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You’re walking back to your cabin after a sumptuous meal when you start to feel short of breath, with some pain in your abdomen and chest. Is it just indigestion? Or something more serious, like a heart attack?

If you were at home, you wouldn’t hesitate to call your doctor. But you’re on a cruise ship in the Caribbean, many miles from shore. Now you’re wondering what to do — and if something’s seriously wrong, what happens next?

Here’s what you need to know in case you experience a cruise medical emergency. Remember that travel insurance is essential for cruise vacations, so compare plans and buy before you go! Find travel insurance for your next cruise.

What to Do When You Have a Medical Emergency on a Cruise Ship

Don’t panic. First, visit the ship’s medical center. All major cruise lines have onboard medical facilities staffed by experienced, credentialed doctors and nurses.1 While the equipment and services available may vary, cruise medical centers generally are able to perform minor surgeries, prescribe medications and stabilize patients who have more serious medical conditions.

Sometimes, cruise passengers hesitate to visit the shipboard doctor because of the cost. Don’t expect the medical center to accept your U.S. health insurance; typically, the cost of any services and/or medication you receive will be billed to your room. If you have travel insurance with emergency medical/dental benefits, then you may be reimbursed for losses due to covered medical and dental emergencies that occur during your cruise.

If you have travel insurance from Allianz Global Assistance, contact our 24-Hour Hotline Assistance to let us know what’s going on — even if you’re not yet sure how serious your medical problem is!  The earlier we know about a potential emergency, the more time we have to lay the groundwork for assistance. Ask the shipboard doctor to keep your case manager apprised of your condition, in case we need to provide assistance.

Getting Treatment for a Cruise Ship Medical Emergency

Once you’ve been examined, the doctor will determine the best course of action.

If your medical condition can be treated on board, the doctor will administer treatment and/or medication. You may return to your cabin or be kept under observation.

If your condition is contagious but not life-threatening, you may be quarantined so you don’t infect others. On a cruise ship, quarantine is very serious — and it’s not optional. You’ll be instructed to stay in your cabin for a specified time, and your keycard may be deactivated (so that if you leave, you won’t be able to get back inside). Ship staff will bring you food, beverages, medicine and anything else you need.2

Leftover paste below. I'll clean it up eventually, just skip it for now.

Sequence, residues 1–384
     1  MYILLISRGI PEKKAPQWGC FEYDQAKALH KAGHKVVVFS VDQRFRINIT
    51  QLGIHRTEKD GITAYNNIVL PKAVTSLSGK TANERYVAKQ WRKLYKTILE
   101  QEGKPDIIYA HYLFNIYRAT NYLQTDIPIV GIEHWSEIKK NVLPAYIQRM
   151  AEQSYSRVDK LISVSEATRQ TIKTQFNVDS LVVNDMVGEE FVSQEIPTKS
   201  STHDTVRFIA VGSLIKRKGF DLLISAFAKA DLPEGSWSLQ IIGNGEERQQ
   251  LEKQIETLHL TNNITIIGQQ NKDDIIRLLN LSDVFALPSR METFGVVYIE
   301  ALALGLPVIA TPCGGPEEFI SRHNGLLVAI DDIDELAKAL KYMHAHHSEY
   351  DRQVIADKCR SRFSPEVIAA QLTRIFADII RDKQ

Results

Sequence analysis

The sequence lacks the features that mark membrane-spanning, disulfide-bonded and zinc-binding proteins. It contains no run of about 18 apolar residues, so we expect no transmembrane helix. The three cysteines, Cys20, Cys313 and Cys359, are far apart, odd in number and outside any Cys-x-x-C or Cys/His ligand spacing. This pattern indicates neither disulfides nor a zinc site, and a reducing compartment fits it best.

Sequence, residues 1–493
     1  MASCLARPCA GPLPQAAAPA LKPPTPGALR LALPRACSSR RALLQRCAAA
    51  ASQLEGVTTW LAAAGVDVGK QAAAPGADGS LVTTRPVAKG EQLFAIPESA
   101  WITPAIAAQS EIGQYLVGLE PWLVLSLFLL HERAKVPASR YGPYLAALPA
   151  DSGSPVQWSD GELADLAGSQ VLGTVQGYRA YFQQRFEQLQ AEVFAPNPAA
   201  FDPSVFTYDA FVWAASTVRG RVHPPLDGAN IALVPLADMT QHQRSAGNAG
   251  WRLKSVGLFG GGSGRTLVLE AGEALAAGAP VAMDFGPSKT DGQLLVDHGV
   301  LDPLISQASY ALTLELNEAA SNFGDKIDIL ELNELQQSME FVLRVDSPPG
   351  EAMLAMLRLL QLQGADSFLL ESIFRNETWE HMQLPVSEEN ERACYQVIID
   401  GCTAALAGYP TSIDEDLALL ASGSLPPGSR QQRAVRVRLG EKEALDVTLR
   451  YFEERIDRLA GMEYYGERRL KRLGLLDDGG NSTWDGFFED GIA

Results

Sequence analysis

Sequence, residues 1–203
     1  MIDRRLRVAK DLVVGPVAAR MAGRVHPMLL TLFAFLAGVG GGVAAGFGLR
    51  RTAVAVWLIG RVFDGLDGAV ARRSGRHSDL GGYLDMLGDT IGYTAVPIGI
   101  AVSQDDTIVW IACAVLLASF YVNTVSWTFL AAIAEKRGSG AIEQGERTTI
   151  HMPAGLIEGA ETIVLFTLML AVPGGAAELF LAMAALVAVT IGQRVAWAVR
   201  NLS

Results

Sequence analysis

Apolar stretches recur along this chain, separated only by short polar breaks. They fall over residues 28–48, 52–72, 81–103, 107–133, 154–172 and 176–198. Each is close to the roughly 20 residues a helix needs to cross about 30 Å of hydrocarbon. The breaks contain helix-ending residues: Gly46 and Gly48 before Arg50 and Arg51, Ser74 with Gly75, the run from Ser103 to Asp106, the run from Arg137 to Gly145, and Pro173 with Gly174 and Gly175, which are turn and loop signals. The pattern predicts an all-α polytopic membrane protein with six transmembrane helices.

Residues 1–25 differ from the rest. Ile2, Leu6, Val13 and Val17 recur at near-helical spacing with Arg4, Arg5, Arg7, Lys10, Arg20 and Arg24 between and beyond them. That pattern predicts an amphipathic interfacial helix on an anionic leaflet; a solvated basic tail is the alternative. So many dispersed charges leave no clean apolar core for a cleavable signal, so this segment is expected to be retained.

Being quarantined can totally ruin your cruise. Fortunately, travel insurance may be able to help! If you or your traveling companion is quarantined, that can be a covered reason for trip cancellation/interruption, so you can be reimbursed for your unused, nonrefundable trip costs.

If your medical condition requires treatment at a hospital, the doctor will work with the ship’s captain and/or your Allianz Global Assistance case manager to decide what to do. The ship may continue on its course and drop you off at a hospital at the next scheduled port of call. Or, in some instances, the ship may change course to reach port sooner. While the ship won’t wait for you, it’s possible you may be able to rejoin your cruise once you’ve been treated on shore.

Be aware that if you don’t have travel insurance with emergency medical benefits, you may have to pay out of pocket for your care in a hospital overseas. As the U.S. State Department notes, “many foreign medical facilities and providers require cash payment up front and do not accept U.S. insurance plans. Medicare does not provide coverage outside of the United States.”3

If your medical emergency is urgent and life-threatening, you may require a medical evacuation to the nearest appropriate medical facility. Without travel insurance, this process can be a costly nightmare. Medical evacuation by helicopter typically costs tens of thousands of dollars, and can rise to six figures in some parts of the world. Once you’re stabilized and you’re ready to return home, the cost of a medical escort or stretcher flight, if required, may cost another $25,000 to $30,000, on average.4

When you have travel insurance with emergency medical transportation benefits, Allianz Global Assistance can arrange and pay for your evacuation if you suffer a covered illness or injury while on your trip and we determine that the local medical facilities are unable to provide appropriate medical treatment. No matter how far you may be from shore, we’ll do our best to help!

One last thing: Once you’ve returned home safely from your cruise, remember to file a claim. You may be able to file a claim to be reimbursed for covered emergency medical expenses, as well as the costs for the unused part of your cruise, if you had to cut it short because of a covered medical emergency. Submit as much documentation as you can, and contact us with any questions.

Got a cruise coming up? The sooner you buy your travel insurance, the longer your coverage window! Find the best travel insurance for cruises from Allianz Global Assistance.

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